6 Steps to Choosing the Right Manufacturing Cybersecurity Software

As industry digitizes and factories become increasingly interconnected, companies must take steps to guard against cybersecurity threats in manufacturing. Small and mid-size businesses, in particular, need to step up their game.  

Cybersecurity protects systems connected to the Internet, keeping the bad guys out of laptops, networks, equipment — and even the products themselves.

But choosing the right cybersecurity software is challenging for any company, especially smaller businesses that lack cybersecurity expertise or even an IT department.  

MxD’s National Center for Cybersecurity in Manufacturing advises companies to start by asking these six key questions:  

1. What problem am I trying to solve?

Many manufacturers make the mistake of “identifying a solution in search of a problem,” instead of the other way around, says Akin Akinbosoye, MxD’s director of cybersecurity. So it’s important to define the problem first, he says.

Malicious software, or malware, introduced via email attachments, software downloads or operating system vulnerabilities can hide in a system by attaching to legitimate code. It can then spread to other systems, wreaking havoc.

If you know that’s a potential weakness of yours, you’ll be able to ask the right questions to guide you to the appropriate solution. 

Choose software that best fits the factory environment, given the architecture and nature of the manufacturing environment, including how you interact with your customers and whom you interact with, Akinbosoye says.

2. How easy is the software to use?

Free software is plentiful, but sometimes if it requires expertise to deploy and it’s not intuitive to use — for example, it will involve more than a few clicks on a graphics or Windows interface to install — it might not be the best option for a smaller shop. 

Remember the clunky operating systems of the 1990s? Some required the user to type commands into a prompt using a particular syntax. Many small shops lack that kind of skill set. You won’t be able to take advantage of free software if you don’t know how to use it.

The bottom-line: Don’t limit your options to freebies, because there may be hidden costs, and no-cost software isn’t always what’s best.

3. How easy is it to maintain?

All cybersecurity tools require maintenance.

“The bad guys get smarter all the time and come up with new and innovative ways of getting through your defenses,” Akinbosoye says. “So your security should constantly evolve to be responsive to what’s happening in the real world.”

Ask about the availability of patches and updates and if they are provided by the vendor on an ongoing basis. And make sure the software installed is supported by the vendor and isn’t difficult to update. Having to pay separately to update software would increase costs.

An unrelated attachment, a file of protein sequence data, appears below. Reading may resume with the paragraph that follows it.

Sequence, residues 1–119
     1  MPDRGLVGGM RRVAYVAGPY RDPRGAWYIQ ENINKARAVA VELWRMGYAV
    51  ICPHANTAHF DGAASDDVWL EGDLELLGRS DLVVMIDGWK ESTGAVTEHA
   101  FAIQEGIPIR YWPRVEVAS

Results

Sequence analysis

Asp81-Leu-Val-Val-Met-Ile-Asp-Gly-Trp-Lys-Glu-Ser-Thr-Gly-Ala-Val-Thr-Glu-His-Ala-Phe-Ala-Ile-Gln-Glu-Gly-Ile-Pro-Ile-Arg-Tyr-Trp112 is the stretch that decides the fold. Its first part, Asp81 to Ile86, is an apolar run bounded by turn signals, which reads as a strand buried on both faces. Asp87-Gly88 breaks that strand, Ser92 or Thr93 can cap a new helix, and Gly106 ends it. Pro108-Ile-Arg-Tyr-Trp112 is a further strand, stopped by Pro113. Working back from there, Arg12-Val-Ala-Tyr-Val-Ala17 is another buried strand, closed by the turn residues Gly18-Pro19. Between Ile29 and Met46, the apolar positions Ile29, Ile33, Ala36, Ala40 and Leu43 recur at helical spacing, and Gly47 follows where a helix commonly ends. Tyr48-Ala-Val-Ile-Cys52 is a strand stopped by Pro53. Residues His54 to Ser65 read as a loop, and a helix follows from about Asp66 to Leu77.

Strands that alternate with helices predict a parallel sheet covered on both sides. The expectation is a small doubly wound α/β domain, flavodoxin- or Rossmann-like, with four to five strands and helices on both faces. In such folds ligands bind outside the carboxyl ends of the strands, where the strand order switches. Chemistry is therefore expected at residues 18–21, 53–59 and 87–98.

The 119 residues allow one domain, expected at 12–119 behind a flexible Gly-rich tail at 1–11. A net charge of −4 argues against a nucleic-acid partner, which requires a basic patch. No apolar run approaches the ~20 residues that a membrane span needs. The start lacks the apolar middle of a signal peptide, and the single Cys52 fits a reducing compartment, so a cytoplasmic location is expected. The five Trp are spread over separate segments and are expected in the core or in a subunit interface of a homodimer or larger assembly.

4. Do the tools play well together?

Look for tools that are built on open platforms.

When one type of software needs to “talk” to another, either to provide data or retrieve data (from other sources), an open platform supports the ease of integration. Otherwise, it can be challenging to get information from one system to another. 

An example of an open platform is most of the Internet itself. It can communicate with smartphones, cable TV and other devices, without the user having to first write code. This is enabled by the use of open standards and protocols.

With cybersecurity software, the openness of the platform allows for data integration with many sources.

5. What are the vulnerabilities of the security software itself?

Cybersecurity software can have its own vulnerabilities. You need to be aware of what those are.

Don’t sacrifice safety for functionality, Akinbosoye says. And don’t ignore vulnerabilities that software companies periodically disclose. 

For example, there could be errors in the way codes are put together that create gaps in security that a bad actor could exploit. Cybersecurity tools would identify gaps that can be closed with patch management or some other software modifications or updated code.

“Often it’s the little things that you don’t pay adequate attention to —  the blocking and tackling, if you will — that will get you,” Akinbosoye says. “Vendors often provide patches to address those vulnerabilities, but many companies don’t do the blocking and tackling by making sure the patches are installed.”

6. How viable is the software company?

Since the cybersecurity landscape is constantly evolving, pick a vendor that will be in business long enough to provide the updates needed to address future threats. That means asking questions to determine whether the vendor has a business model that’s sustainable for the long run. 

Once you find a company with products that perform well and provide you with what you need, you’ll want to stick with them.

The National Center for Cybersecurity in Manufacturing at MxD uses its Future Factory floor in Chicago as a demonstration space for cybersecurity technology; develops new tools to address very specific problem areas for manufacturers; and works with industry and government to figure out how to get these tools to small and medium manufacturers.

Stream MxD’s free webinar for manufacturers looking to improve their operational technology (OT) cybersecurity and prepare for the new CMMC regulations that was held in July 2020.